· The slow rate of change to technology and social policy. Technology changes every year. We cannot spend decades shifting policy and regulation to prepare for that technology. It has already come and gone by then. Which would be fine, if America and Americans were the only humans ever. But we’re not and we need to realize that. If other nations are finding ways to regulate data, protect privacy (well hello there GDPR), and implement new technologies more rapidly — than they reap the benefits of those technologies and the socio-economic power that that implies. Given that the major burst in tech these days focuses on optimization and automation — -ie making processes and analysis faster, cheaper, autonomous, and larger scale — -not participating in these new waves of technology is going be incredibly costly and painful for the United States of America both financially and philosophically.

· Fear of change (in general). Homo sapien sapiens aka humans once survived by being cautious creatures. Is that a lion on the savannah? Is that a snake in that tree? While some caution is still needed in the world (because: serial killers and identity theft and human trafficking and pedophiles, etc), some of our fear response is unnecessary. Innovation and change has been overwhelmingly beneficial for our species. If we hadn’t changed, we’d still be a hunter-gatherer tribe (or we’d have long since gone extinct). Even in the last one hundred years — change has meant grocery stores and supply chains; mobility and transportation (cars!); women’s rights and women in the workforce; the internet and connectivity to each other and to everyone else on the planet. Right now, we’re facing blowback to cultural change, to conservative backlashes against positive progressions — i.e. the acceptance of racial, gender, identity, and sexual diversity. But as a species, we’ve seen that pushback fear impulse rise up before. And thankfully, we usually manage to get over it and evolve for the better.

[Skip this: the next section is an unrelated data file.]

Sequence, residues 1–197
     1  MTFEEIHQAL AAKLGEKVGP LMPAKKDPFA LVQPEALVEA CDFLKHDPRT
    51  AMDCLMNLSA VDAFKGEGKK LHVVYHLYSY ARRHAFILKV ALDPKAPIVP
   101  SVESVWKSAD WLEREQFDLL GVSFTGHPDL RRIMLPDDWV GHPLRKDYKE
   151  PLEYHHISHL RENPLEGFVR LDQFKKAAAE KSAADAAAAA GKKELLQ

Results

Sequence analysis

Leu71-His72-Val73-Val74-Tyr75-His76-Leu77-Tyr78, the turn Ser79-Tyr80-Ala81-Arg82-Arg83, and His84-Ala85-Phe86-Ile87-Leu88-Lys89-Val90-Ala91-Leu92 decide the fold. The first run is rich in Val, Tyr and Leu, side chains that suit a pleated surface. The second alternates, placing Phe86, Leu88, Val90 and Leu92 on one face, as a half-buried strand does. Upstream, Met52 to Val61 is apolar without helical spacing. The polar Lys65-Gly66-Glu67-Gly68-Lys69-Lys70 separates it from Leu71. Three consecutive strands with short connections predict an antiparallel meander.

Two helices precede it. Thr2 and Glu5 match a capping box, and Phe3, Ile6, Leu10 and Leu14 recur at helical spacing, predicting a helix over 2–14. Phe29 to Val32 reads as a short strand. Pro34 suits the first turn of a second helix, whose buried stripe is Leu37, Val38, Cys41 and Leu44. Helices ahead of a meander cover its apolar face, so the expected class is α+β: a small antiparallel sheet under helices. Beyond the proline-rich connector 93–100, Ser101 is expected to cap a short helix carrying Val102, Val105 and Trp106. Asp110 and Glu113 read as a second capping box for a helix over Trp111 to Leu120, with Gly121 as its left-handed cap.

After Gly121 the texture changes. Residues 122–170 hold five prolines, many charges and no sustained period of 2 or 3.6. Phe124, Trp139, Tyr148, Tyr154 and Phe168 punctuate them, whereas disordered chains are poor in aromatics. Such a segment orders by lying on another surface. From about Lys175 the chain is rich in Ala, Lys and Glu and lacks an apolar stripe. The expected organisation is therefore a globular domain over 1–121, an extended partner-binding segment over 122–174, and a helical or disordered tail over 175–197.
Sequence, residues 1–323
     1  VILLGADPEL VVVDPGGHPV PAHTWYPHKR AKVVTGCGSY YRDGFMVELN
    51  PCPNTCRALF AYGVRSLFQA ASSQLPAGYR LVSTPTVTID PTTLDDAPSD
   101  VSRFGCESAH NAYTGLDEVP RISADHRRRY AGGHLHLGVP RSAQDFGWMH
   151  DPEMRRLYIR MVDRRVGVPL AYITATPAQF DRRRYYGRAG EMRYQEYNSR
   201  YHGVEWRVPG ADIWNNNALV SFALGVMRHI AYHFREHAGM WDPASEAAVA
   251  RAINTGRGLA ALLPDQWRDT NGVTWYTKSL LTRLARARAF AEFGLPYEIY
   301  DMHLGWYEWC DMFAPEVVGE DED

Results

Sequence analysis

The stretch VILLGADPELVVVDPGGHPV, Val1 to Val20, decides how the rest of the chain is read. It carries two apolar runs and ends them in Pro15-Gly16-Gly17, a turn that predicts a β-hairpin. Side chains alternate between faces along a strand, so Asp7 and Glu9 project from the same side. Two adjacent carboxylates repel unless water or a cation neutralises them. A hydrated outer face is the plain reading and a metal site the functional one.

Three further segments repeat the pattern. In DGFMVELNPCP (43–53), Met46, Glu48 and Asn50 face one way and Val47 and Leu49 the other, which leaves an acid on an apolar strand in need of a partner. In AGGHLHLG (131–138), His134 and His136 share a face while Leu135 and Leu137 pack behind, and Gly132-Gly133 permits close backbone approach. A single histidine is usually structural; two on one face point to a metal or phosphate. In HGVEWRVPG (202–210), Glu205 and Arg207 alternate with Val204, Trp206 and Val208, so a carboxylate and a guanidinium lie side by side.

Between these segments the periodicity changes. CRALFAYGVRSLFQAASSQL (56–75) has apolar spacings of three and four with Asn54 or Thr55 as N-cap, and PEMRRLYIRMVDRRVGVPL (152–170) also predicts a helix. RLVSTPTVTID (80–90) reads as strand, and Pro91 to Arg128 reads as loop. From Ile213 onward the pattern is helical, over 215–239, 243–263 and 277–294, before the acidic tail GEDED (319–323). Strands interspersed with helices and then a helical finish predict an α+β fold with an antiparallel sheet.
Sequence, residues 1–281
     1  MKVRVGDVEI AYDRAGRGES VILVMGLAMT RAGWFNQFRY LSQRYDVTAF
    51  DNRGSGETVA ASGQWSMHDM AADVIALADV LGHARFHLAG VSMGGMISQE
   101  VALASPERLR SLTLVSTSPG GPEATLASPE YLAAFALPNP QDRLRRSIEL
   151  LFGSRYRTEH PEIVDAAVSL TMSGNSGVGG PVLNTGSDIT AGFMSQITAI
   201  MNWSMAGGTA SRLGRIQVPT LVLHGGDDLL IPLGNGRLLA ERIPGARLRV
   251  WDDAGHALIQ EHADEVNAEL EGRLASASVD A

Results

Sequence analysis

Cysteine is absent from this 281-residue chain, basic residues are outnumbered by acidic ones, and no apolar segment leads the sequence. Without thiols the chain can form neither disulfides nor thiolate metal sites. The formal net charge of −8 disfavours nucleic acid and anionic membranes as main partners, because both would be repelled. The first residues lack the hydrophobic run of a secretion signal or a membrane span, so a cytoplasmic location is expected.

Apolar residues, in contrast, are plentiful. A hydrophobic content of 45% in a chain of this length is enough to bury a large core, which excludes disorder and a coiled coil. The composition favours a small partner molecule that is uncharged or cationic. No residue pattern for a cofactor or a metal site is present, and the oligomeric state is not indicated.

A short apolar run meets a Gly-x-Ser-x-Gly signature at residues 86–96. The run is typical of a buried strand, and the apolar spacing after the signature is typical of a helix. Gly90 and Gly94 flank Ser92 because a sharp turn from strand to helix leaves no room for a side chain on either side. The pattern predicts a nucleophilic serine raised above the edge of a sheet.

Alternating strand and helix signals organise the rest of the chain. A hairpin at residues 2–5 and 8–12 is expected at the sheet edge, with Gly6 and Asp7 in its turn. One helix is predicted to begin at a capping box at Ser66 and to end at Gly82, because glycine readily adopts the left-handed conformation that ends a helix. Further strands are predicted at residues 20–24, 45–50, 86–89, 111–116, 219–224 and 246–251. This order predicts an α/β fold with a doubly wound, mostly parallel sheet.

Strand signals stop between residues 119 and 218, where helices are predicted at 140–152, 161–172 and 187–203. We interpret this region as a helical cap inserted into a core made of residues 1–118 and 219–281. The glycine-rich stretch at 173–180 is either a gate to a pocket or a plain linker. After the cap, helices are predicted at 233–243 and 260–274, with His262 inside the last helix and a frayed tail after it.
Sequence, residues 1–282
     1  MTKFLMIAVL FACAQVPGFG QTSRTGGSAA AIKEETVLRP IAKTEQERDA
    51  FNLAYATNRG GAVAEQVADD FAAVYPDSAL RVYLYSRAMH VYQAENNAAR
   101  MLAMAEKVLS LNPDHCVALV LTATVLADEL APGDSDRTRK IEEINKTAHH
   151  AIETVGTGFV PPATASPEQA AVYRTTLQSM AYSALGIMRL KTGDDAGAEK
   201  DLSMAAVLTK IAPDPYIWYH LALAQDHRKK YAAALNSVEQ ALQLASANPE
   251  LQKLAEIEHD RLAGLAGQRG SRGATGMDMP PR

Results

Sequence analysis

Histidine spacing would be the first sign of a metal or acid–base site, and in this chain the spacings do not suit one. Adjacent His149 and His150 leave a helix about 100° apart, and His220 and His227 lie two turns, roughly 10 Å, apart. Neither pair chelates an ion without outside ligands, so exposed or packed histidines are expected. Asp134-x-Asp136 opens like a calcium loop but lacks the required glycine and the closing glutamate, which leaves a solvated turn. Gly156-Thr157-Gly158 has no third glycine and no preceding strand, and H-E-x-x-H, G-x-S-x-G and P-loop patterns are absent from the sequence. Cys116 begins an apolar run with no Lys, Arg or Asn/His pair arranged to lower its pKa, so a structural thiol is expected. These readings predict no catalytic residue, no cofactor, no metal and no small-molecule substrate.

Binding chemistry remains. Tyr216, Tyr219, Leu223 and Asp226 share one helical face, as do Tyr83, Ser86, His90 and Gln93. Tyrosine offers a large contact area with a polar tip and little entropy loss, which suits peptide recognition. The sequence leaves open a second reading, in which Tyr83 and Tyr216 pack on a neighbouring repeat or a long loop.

· Fear of change as America loses its cultural hegemony over the rest of the world While many of the innovative changes of the last 150 years were driven by America, our power to drive that power has waned (see all of the above). And that’s fucking terrifying us further. When we’re not the cultural hegemons (which FYI is erudite fancy-talk for “leaders”), what are we? Who are we if we’re not the golden gleaming nation everyone looks to for guidance? Are we leaving behind a power vacuum in the modern world, that someone else (cough cough China) is going to seize? Or have we reached a multicultural point in human history where individuals have enough access to pop sub-cultures that they can choose their own adventure? Can there even be a monolithic culture these days? Personally, I think not. Though given our issues with conformity and that the right schools and the right friends and the right business formal attire still play a part in our cultural make-up, I worry that we’ll be one of the last ones to embrace anything other than our 1960s Mad Men cultural concepts. To our detriment in the meantime. Everyone else goes to the pub after business meetings. You know that right?

America is scared, disorganized, and is actively working to squash its own innovation. The incoming administration will have their work cut out with them even getting us back to a baseline normal (given both the past administration (especially their migration policies which have been stopping innovative thinkers from even entering the country) and the whole pandemic zombie apocalypse that we’re in).

And while we may never be cultural hegemons again, we CAN untangle the innovation clusterfuck.

But only if we’re willing to admit that there’s a problem.

My biggest worry is that we won’t.


*Day One of National Novel Writing Month (NaNoWriMo) — which I’d like to spend writing a piece a day on the things in my head (vs a whole novel) to at least get back in the habit of writing often, — especially since I am now FINALLY allowed to participate on Medium and in other academic writing arenas as myself, all opinions should be considered my own and not those of my employer, etc.



Ash M. Richter

The Past & Future of Technology, esp 3D. Anthropologist, Engineer, Archaeologist, Biz Intel, NatSec, Data Sorceress. Innovation Strategist & Venture Capitalist.